Infrastructure and support services provider Carillion has opened a pioneering training centre, for rail engineers across the industry, to develop skills needed to help deliver a £2 billion electrification expansion programme by Network Rail.
With one of the lowest percentages of electrified rail lines in Europe the UK is investing heavily in new infrastructure over the next five years.
Carillion Rail, which is part of a framework panel with Network Rail and involved in the electrification programme, has now constructed a purpose-built indoor Overhead Line (OHL) training span at its projects and training yard in Crewe.
The centre can provide both practical and theory learning and has just been chosen by the industry body Overhead Line Equipment Competency (OLEC) to pilot the first rail electrification course of its type.
Engineers from Carillion and external companies can now receive full training and qualifications to the OLEC Industry Standards 1, 2, 3 and 4.
Les Roberts, Carillion Rail Training (CRT) operations manager, said: “We were delighted to be selected by the OLEC committee to pilot the first course like this in the industry. This new suite of training will complement our existing catalogue of track engineering, safety critical, signaling, Plant and welding.”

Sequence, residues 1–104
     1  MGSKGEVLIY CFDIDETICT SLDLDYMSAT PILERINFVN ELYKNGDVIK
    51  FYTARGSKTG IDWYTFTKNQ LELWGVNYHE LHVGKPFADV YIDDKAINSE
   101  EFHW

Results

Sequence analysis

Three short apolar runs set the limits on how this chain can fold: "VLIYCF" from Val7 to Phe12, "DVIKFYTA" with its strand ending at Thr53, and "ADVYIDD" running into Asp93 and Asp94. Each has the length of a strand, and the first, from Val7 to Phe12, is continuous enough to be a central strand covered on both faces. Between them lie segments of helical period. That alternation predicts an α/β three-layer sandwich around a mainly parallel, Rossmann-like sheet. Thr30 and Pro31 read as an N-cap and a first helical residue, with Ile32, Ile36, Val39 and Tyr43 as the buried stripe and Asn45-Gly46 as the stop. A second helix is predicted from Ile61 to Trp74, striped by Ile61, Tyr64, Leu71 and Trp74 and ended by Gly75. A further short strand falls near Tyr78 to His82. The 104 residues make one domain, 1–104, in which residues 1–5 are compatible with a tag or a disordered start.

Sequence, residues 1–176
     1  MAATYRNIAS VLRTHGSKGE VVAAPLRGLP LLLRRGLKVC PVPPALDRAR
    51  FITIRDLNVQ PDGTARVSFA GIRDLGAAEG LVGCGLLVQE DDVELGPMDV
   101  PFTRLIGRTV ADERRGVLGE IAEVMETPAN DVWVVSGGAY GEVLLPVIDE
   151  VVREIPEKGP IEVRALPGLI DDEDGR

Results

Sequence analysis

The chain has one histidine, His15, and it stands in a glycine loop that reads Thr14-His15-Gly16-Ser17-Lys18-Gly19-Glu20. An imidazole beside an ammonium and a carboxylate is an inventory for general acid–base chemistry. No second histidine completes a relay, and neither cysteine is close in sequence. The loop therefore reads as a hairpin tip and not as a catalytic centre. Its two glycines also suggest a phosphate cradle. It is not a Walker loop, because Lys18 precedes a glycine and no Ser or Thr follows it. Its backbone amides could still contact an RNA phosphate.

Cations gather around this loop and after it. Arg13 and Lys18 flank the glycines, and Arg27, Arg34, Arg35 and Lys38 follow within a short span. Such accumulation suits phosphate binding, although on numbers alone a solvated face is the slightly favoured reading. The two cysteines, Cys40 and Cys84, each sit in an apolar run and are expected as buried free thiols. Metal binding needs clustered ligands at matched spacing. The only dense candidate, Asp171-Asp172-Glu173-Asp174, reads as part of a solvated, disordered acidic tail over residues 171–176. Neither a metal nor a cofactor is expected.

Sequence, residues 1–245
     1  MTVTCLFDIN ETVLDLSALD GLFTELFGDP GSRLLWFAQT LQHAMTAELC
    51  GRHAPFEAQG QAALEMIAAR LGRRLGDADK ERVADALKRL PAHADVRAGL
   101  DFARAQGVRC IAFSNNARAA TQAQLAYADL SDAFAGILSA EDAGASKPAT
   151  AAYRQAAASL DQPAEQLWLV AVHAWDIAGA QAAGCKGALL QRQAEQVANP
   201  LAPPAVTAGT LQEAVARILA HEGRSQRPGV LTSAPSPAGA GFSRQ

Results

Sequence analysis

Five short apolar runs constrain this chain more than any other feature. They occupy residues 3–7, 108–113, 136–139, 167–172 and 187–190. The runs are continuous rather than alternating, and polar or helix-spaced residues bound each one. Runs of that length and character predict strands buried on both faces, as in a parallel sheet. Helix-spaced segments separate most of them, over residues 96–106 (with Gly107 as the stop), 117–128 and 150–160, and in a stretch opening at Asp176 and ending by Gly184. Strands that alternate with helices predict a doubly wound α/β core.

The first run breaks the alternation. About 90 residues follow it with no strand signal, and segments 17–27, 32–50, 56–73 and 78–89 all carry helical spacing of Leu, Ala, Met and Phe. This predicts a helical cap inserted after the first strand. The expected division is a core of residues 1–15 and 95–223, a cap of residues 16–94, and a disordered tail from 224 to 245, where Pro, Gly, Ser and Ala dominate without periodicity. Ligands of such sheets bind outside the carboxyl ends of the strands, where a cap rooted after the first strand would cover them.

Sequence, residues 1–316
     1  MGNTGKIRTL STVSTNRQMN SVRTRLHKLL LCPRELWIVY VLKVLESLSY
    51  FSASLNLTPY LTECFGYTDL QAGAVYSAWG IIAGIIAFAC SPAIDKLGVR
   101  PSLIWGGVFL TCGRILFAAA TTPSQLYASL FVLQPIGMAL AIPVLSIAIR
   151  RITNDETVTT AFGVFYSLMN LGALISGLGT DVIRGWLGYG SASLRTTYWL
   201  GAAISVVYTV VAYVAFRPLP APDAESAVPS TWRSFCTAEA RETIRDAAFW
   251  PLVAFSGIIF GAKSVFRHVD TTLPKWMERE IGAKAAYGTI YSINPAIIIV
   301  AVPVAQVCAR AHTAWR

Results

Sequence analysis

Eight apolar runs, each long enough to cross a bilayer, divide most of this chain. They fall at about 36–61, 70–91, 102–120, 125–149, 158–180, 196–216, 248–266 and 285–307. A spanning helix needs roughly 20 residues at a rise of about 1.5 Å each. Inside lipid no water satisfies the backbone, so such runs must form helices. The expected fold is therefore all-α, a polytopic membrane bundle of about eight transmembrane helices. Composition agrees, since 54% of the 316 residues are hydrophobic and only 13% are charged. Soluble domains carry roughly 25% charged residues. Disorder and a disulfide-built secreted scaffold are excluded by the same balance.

As part of a framework panel working with Network Rail on the electrification expansion, Carillion has already secured enabling work on the Edinburgh to Glasgow Improvement Programme (EGIP).
To extend its capabilities it has also entered a joint working agreement with Austrian-based SPL Powerlines – one of Europe’s leading specialists in electrically powered transport systems.
Mark Davies, managing director of Carillion Rail, said: “Indoor facilities with year round training capabilities just aren’t readily available, but with a clear need across the sector for more skilled linesman it made complete sense for us to construct the training span. It means we can now provide a trained, competent and safe workforce for our electrification and OHL contracts – and we can do the same for those organizations that use our training services here.”
Mike McCann, general manager for Carillion Rail Training, added: “We see this as an excellent and common sense opportunity to provide a much needed service. Following our success here we are planning a similar span at our training centre in the Midlands, and then in Scotland and wherever there is a need and a sound business case.”
Andrew Bold, Training Delivery Specialist (E&P) Network Rail, attended an initial OLEC 3 Familiarisation event in Crewe, which was given to OHL instructors from eight different training providers.
He said: “I found it particularly interesting to observe the trainers practicing the delivery of the practical elements of the course and it was apparent that Carillion has invested significantly in the facilities – demonstrating a commitment to raising the level of competence in OHL infrastructure.”
Gil Howarth, chief executive of the National Skills Academy for Railway Engineering (NSARA), added: “NSARE welcomes the development of new training facilities to support the forthcoming programme of electrification.”
Courtesy of Carillion.